Released with almost no warning, Radiohead again secured their status among the demigods of the music kingdom back in May (June for some of us). Too humble to admit I'd think, Thom Yorke shares pieces of his heart attuned to dismal current developments, the tried trivial tropes lovers make one traverse, the health of our homeworld, and the most potent sides of paranoia in some of the strongest work from them in a good while.
Set squarely in the center of younger Greenwood brother Jonny's orchestral arrangements, this album easily puts itself in the hat for album of the year. The primary components of A Moon Shaped Pool have been kicking around for at least a couple years now, and brings the heart and soul of the same lineup you've known since the beginning. Producer Nigel Godrich returns, as well as long time album artist for Radiohead, Stanley Donwood. With help from the London Contemporary Orchestra, the family has put together something cosmic in a time where it couldn't matter more.
Less than a week before it's release, Radiohead launched two music videos. The first piece a clay-mation horror story; Burn the Witch, seemingly based on themes from The Wicker Man, with lyrics and title strongly speaking on the humanitarian crisis Syrian refugees and many countries around the world are engaging in, along with the blanket scapegoating of the Muslim community.
In contrast, the video for Daydreaming and its lyrics are said to point to themes from Plato's Allegory of the Cave. In the video, Thom Yorke removes himself from the world through a series of interconnected environments eventually leading to a fire lit cave. Perhaps he's left one cave for another, the noise of the city forgotten. The string arrangements here are one of many impressive ones on the album, even giving a thick snoring sound along other strings that play well as light beams. Both videos\songs are among the many favorites on the release, for good reason.
The Numbers is track 8, charging up the listener and the smoothly rolling wheels of verses with an orchestral warmup. The groove is such that I want to slow dance to it, but also turn it up and bob my head to in the car due to that heavy kick on the drum. It made me appreciate having not only a decent set of headphones, and also a flac file copy of the album for review.
My favorites continue with track 3, Deck's Dark, a tune with an introduction by lofty pianos coupled with a tragic theme that doom has arrived in the form of a UFO. It seems like the idea of humanity frailty is every here, of both mind and body when talking on being ragdolls "helpless to disease". Whats more are strong themes of denial and disappointment that cause one to run (a reoccurring theme on this album). Colin Greenwood slyly slips in on bass, with Philip Selway and the chorus following suit shotly after. The instrumental outro is the first real feel of a murky funk and wild guitar effects by both Ed O'Brien and Jonny.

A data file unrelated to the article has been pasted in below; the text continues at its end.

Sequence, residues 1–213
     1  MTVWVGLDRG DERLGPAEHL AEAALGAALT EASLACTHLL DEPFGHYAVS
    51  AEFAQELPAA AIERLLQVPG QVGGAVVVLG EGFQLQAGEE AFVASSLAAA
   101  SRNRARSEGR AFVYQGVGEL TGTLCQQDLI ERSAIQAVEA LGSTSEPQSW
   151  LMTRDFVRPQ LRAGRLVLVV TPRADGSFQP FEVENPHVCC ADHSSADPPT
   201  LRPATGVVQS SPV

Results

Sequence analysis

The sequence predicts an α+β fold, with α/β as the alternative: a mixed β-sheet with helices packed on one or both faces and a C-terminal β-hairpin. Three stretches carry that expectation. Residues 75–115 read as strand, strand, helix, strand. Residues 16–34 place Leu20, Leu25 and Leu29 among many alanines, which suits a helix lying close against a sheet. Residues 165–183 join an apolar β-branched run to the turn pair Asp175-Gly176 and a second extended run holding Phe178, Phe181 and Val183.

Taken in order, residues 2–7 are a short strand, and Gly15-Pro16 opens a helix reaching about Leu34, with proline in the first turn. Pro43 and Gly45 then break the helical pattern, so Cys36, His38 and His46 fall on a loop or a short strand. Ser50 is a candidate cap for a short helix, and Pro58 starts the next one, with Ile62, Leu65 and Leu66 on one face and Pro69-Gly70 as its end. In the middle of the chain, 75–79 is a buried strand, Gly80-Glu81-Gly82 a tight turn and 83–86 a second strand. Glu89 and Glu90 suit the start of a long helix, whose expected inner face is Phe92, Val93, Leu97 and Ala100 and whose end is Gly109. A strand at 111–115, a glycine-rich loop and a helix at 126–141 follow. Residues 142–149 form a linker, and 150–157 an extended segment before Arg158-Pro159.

My top pick rests with the hard swinging love song, Identikit. The 7th track, its first 15 seconds ride one set of rails before the style is switched up by Philip on drums. The slight of hand made me rewind it a few times on my first play-through of the album to make sure I wasn't hearing something off. As I write this I realize the small clever switch up is about as low key but significant as the demeanor of lovers Thom speaks about here.
Lyrics enter via an echoed background visage of Yorke proclaiming like smoke:
A moon shaped pool
Dancing clothes won't let me in
And now I know it's never gonna be oh me
This may be a sorrowful thought on the failure to be "picked" by a lover. Elements of scorn and\or defeat are throughout the song, perhaps with double meaning:
Sweet faced ones with nothing left inside
That we all can love
Is this a comment on a lover having a pretty face but nothing to sustain real love, or is it the friend who was defeated, sitting across from the table from you, explaining their war story with an attempt to appear better than they are? We continue on to hear that when we realize things aren't what they seem, and we've been there before, we don't want to deal with it anymore. Once one has seen enough bullshit, you can predict the future. The "ragdoll mankind' may even give chase to a theme of perhaps not only being disposable as well as an ability to withstand an epic weathering. Broken hearts make it rain indeed.
There is much to be had and enjoyed here on A Moon Shaped Pool. Long time Radiohead fans will hear the long awaited album version of True Love Waits. For new fans, it's a fantastic starting point to their 30 year musical legacy. Tickets to Radiohead shows are like Golden Tickets, and with luck, we'll be covering Radiohead here in a couple months at Austin City Limits. Either way, being among the lucky few.
Until next time my friends,